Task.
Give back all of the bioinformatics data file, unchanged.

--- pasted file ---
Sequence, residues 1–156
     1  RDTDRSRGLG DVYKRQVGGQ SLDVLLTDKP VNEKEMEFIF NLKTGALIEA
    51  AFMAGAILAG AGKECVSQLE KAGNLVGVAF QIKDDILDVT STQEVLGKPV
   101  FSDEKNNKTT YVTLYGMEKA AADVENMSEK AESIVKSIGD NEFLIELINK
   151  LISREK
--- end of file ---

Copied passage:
Sequence, residues 1–156
     1  RDTDRSRGLG DVYKRQVGGQ SLDVLLTDKP VNEKEMEFIF NLKTGALIEA
    51  AFMAGAILAG AGKECVSQLE KAGNLVGVAF QIKDDILDVT STQEVLGKPV
   101  FSDEKNNKTT YVTLYGMEKA AADVENMSEK AESIVKSIGD NEFLIELINK
   151  LISREK